Section 2 of the Act was at center stage in the Quick Auto case. In Quick Auto, the lessee obtained a 2001 vehicle from the lessor by way of a financing lease with option to purchase. The acquisition cost ($18,273) differed significantly from the total transaction cost ($37,912), and the 29.9% interest rate was to be bumped up to 36%, compounded daily, in the event of default. The lessee did ultimately default, and subsequently brought an action under section 2 of the Act for relief from the loan.
The Court reiterated the general test to be applied in circumstances of alleged unconscionability, which is two-fold. First, the debtor is required to demonstrate the inequality of the parties and “improvidence” of the bargain. If the debtor is able to do so, the burden then shifts to the creditor to show the agreement was freely entered into by the parties and fair and reasonable in the circumstances. Only where the creditor is unable to satisfy this burden will a court be able to set aside the agreement as “unconscionable”.
In applying this test to the facts of Quick Auto, the Court found various aspects of the particular lease agreement to expose it as an unconscionable one:

·       Despite the agreement opening with the statement “We’ve written this Lease Agreement in simple and easy-to-read language because we want you to understand its terms…”, the agreement was long, complicated, and contained dense provisions, printed single-spaced, in exceedingly small font;

·       The lessee was not allowed to terminate the agreement under any circumstances (or set-off its claims for losses against rental payments due), notwithstanding any potential breach by the creditor;

·       The pre-default interest rate (29.9%) was significantly higher than prevailing interest rates at the time of the agreement, and the post-default interest rate (36%) breached section 4 of Canada’s Interest Act, RSC 1985, c I-15; and

·       The lessee was required to insure the vehicle in the form of a “Mortgage Endorsement (Broad Form SPE – 23 or Equivalent)”, though this form was not set out or defined in any way.
The Court ultimately held that, considering the risk and total circumstances surrounding the loan, the agreement was clearly unconscionable pursuant to section 2 of the Act. Accordingly, the lessees were relieved of any further obligations under the arrangement.

While cases such as Quick Auto may represent the ‘extreme’ end of the spectrum, business realities suggest that some inequality of bargaining power between parties is quite common. This inequality will not always meet the statutory threshold of being ‘unconscionable’, but it is nonetheless important for those regularly involved in lending transactions (and entering contracts, more generally) to inform themselves of these rules. This is because it is not difficult to imagine a less egregious arrangement that nonetheless meets the test for unconscionability as laid out in Quick Auto.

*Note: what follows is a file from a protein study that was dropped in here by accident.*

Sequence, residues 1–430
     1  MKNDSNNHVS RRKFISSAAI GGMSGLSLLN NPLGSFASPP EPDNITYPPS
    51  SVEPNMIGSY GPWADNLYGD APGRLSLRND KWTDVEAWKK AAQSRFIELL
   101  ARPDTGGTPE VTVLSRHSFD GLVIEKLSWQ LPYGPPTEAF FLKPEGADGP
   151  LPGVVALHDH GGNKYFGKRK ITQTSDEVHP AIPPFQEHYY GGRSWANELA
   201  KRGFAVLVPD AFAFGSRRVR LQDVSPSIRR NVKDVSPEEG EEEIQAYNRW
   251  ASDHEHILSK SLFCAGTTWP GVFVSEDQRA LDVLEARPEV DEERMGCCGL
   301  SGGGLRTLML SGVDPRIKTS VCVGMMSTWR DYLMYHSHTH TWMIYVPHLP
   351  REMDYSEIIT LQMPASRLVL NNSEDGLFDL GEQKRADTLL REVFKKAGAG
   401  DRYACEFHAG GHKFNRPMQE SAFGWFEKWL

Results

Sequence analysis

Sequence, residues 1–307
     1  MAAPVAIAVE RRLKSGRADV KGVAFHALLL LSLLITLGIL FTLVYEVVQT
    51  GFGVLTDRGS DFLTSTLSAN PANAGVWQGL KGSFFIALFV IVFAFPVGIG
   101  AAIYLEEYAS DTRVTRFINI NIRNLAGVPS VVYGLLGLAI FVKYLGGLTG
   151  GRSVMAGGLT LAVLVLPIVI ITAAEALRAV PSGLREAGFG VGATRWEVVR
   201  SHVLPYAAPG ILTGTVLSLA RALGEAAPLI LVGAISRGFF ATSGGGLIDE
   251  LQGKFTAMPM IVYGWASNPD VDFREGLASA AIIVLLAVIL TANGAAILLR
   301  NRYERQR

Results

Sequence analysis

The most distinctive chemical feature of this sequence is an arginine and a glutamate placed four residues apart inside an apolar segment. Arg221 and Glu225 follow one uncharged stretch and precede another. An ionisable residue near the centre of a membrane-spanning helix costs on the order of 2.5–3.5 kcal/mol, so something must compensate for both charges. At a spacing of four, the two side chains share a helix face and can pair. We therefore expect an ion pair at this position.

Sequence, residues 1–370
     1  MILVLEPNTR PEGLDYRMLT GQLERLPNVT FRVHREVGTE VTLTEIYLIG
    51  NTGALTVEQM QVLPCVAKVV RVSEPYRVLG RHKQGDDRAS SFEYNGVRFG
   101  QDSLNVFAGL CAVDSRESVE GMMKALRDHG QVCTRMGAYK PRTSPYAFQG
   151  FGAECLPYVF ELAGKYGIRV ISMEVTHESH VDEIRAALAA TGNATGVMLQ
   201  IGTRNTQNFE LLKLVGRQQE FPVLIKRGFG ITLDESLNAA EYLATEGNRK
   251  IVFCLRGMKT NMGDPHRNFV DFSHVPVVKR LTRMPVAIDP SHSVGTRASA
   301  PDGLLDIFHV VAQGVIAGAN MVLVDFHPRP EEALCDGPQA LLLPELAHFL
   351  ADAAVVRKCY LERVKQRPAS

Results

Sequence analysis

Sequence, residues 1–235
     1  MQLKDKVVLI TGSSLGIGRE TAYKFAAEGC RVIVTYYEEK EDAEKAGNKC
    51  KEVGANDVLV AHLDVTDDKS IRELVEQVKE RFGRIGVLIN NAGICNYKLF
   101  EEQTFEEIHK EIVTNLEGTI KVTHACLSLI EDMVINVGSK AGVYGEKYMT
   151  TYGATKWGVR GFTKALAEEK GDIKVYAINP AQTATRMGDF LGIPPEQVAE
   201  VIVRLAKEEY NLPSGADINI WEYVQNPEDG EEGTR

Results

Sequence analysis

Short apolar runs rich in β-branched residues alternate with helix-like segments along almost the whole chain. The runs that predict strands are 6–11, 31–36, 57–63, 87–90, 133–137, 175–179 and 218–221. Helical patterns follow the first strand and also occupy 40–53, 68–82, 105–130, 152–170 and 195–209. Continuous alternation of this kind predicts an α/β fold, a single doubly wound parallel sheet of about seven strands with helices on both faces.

For creditors – especially those viewed as being sophisticated and experienced in their particular industry – this means avoiding some of the red flags emphasized in Quick Auto. Plain and ordinary language, reasonable terms, and a willingness to assist the debtor in meeting its procedural obligations should all be standard practice, particularly when entering in to agreements with potentially vulnerable debtors (such as the elderly or those with language difficulties). Debtors, meanwhile, can avoid the litigation process (and associated costs) altogether by seeking independent legal advice to ensure all contractual terms are understood and complied with, and perhaps taking some time to ‘shop around’ and get an idea for standard market rates.
McLennan Ross LLP has years of experience and a strong reputation in a variety of practice areas, including drafting, reviewing and litigating commercial contracts. If you or your company have questions regarding unconscionability, enforcement of contracts, or any other litigation-related issue, please do not hesitate to contact any member of the McLennan Ross Commercial Litigation practice group.

Friday, 24 August 2018

A Small Step Toward Faster Justice: Mandatory Dispute Resolution

Authors: Matthew Ryan, Summer Student and Peter Major, Q.C.

Slow courts are bad for the economy. Inefficient justice discourages investment, since businesses and investors cannot be certain that their property and contract rights can be effectively upheld. Even if an investor is confident about the strength of their claim, sluggish justice makes lawsuits more expensive­—to a point where would-be plaintiffs are sometimes better off abandoning their claims altogether. This uncertainty about the efficacy of the justice system creates a disincentive for businesses to enter contracts in the first place.
The World Bank’s Doing Business survey measures the ease of starting and conducting businesses across the world. One of the survey’s key metrics is the time taken to enforce a contract through the courts. While this survey does not measure individual Canadian provinces, the nation ranks a dismal 114 out of 190 countries for the enforcement of contracts. This is one of the worst rankings for an OECD nation, coming ahead of only Slovenia and Greece. The pain is felt in Alberta too, where lead times for civil trials can sometimes extend past three years.